No more Eyes Swollen Shut!

May 1, 2001 (Updated May 2, 2001)
Review by  
Rated a Very Helpful Review

Pros:no allergic reaction; works well

Cons:the price, although if you have allergies you won't care

The Bottom Line: Although it is technically not waterproof, it stays on well and is great for people with sensitivity to chemical sunscreens.

It truly isn't fair. Sometimes life just deals you unfair blows, and this was one for me: I am pale and burn easily, and my skin is very sensitive to sunscreen! If I had to have pale skin, why couldn't it at least be easy to care for by accepting whatever sunscreen I slather over it? Or better yet, why couldn't I just be tan???

Skin type: extra-white
By being easy to burn, let's just say that walking to my car on my campus is enough to make my skin pink from the sun (and no, it's not from exertion!). I never turn "tan;" exposure to sun either makes me pink (light exposure) or red (burnt). I do have some freckles that will darken/brown a little with sun exposure, but the rest of my skin is white, pink, or red. Seriously. In my teen years I tried to tan by exposing my skin to the sun in small doses everyday, but I ended up with sun poisoning even though I was careful to not burn my skin. I have since abandoned my teen-dream of being gloriously tan, and now I want to protect my skin as much as possible from the sun.

Skin sensitivity: allergy-prone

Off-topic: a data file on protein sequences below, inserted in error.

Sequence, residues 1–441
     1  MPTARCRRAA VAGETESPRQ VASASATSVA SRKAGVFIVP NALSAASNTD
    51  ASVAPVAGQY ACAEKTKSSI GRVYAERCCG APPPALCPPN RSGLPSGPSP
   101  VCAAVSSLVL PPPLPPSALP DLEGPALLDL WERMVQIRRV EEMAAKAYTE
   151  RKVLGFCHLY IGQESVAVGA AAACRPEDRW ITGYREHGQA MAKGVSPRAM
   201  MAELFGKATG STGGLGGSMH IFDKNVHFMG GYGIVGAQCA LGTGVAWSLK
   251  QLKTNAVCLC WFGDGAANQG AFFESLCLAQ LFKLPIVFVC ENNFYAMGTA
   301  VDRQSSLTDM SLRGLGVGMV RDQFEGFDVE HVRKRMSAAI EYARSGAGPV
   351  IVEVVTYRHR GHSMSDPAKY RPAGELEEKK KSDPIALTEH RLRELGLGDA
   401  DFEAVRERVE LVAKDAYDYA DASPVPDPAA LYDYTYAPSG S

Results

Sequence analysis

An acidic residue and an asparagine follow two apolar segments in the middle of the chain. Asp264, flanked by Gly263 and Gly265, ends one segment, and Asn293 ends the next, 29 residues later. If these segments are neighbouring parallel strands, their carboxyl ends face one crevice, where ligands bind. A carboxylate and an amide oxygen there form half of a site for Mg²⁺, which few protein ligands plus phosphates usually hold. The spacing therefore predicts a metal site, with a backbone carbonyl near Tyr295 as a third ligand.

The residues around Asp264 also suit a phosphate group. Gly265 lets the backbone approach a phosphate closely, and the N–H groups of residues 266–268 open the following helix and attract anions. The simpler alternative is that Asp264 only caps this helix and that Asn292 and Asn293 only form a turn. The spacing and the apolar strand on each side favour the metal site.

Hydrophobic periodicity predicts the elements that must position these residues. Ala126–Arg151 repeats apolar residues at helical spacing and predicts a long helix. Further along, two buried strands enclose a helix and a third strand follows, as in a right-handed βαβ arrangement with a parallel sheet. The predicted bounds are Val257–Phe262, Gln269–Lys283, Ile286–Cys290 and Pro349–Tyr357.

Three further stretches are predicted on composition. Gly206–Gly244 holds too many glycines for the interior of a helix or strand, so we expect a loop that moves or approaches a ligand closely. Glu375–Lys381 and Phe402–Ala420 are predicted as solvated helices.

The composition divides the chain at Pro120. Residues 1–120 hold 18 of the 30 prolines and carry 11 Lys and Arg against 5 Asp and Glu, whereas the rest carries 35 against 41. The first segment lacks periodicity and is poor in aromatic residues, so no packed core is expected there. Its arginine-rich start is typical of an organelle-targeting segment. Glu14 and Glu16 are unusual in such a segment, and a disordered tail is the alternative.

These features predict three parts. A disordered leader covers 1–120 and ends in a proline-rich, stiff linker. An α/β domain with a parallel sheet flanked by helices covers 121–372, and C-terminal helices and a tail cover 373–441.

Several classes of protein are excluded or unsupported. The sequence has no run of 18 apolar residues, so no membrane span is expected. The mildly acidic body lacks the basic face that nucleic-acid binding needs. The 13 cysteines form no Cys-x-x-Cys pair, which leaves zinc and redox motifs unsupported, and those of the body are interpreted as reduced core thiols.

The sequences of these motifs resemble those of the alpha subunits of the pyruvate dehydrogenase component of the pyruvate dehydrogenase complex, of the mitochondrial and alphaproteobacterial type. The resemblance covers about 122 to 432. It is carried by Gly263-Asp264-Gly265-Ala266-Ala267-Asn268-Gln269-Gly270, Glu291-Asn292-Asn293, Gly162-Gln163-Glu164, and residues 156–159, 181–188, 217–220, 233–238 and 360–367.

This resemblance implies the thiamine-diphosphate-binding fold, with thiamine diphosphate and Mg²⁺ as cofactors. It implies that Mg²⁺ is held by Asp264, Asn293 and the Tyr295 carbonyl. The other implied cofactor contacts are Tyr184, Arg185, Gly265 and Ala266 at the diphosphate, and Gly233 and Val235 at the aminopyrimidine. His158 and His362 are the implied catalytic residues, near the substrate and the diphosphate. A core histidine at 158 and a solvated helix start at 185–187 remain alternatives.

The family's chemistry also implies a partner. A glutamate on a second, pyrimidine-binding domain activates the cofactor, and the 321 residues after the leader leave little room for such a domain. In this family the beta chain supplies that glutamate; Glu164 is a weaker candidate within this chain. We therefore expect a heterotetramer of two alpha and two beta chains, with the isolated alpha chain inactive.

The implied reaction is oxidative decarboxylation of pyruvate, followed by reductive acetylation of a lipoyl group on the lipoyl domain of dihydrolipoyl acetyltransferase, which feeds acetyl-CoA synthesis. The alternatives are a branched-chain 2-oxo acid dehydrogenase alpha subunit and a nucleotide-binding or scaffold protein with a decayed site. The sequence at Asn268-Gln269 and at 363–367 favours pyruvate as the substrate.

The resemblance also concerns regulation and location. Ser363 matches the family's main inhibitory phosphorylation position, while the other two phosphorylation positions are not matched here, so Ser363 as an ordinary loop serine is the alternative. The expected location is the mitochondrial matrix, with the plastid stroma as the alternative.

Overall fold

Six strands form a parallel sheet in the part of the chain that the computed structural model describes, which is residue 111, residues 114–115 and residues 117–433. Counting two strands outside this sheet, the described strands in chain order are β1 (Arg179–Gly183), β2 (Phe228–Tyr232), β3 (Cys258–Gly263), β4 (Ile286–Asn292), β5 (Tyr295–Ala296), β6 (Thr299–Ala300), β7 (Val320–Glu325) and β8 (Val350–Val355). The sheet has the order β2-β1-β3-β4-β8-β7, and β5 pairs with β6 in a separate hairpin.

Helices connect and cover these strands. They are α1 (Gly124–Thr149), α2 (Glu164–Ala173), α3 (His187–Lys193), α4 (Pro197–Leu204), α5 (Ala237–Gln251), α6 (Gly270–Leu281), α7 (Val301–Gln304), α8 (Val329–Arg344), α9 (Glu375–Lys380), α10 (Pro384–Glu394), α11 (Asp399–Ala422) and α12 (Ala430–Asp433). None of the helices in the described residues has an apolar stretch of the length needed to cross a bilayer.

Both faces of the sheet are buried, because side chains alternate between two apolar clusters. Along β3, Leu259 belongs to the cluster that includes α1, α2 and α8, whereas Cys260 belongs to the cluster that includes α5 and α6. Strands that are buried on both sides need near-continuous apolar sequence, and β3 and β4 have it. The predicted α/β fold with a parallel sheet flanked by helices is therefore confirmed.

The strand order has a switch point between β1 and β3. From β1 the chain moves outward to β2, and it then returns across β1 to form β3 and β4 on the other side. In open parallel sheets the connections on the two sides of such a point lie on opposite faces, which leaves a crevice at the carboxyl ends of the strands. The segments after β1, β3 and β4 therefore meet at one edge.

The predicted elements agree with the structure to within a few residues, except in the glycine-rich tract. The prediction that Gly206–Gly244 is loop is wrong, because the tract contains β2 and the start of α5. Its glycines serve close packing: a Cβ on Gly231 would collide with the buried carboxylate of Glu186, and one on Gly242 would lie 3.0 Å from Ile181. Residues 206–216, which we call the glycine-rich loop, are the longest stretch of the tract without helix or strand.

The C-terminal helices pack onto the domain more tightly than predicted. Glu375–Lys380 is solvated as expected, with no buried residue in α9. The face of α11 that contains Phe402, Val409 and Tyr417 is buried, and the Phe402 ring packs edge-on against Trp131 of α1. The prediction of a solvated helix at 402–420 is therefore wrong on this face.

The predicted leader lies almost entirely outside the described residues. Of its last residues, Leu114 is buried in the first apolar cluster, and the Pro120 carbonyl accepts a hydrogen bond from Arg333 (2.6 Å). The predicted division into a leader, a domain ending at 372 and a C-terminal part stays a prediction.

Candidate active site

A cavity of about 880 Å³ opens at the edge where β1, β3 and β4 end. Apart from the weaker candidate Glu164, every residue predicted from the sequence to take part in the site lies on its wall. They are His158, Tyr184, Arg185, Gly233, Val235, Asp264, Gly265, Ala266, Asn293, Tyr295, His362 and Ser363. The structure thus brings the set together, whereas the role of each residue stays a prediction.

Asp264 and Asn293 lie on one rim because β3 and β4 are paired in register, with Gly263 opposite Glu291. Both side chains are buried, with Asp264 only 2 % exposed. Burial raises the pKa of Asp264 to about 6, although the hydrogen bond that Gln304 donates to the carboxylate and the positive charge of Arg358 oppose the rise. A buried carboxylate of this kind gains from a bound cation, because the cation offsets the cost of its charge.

When I say my skin is sensitive to sunscreen, I mean that I get puffy and swollen - not just annoying pimples, but a full-fledged allergic reaction. Years ago, this was not the case, but I guess over time I developed an allergy. My allergy first appeared during a ski trip about 5 years ago. Knowing how easily I burn, I generously slathered on sunscreen on my face. Later that day, my face was very red and slightly itchy. Stupidly, I thought that maybe the sunscreen didn't work (this was very stupid since I had no goggle lines - if the sun had made my skin red I would have had lines!!!), so the next day, I slathered on even more sunscreen in the morning, and took the bottle with me in order to reapply more often. Needless to say, this was not one of my brightest moments, and I paid for my lack of brainpower later. That evening my face was not only red, but it was swollen and itchy. As I complained about the ineffectiveness of my sunscreen, a more intelligent member of the ski party suggested that perhaps I was having an allergic reaction. Eureka! It was as if the light bulb really did appear in my noggin. At any rate, I discontinued using the sunscreen, but it was too late. Fortunately that was the last day of the ski trip, since the next day my face was so red and swollen that I can not express how scary I looked in the mirror, and my vision was even a little impaired because my eyes were almost swollen shut. At the time I was a student, so I dropped by the campus health clinic, and a kindly nurse instantly could see I was having an allergic reaction. She took me over to a doc, and I was given a steroidal-based med to fight the flaring allergic reaction. Relief fortunately came quickly.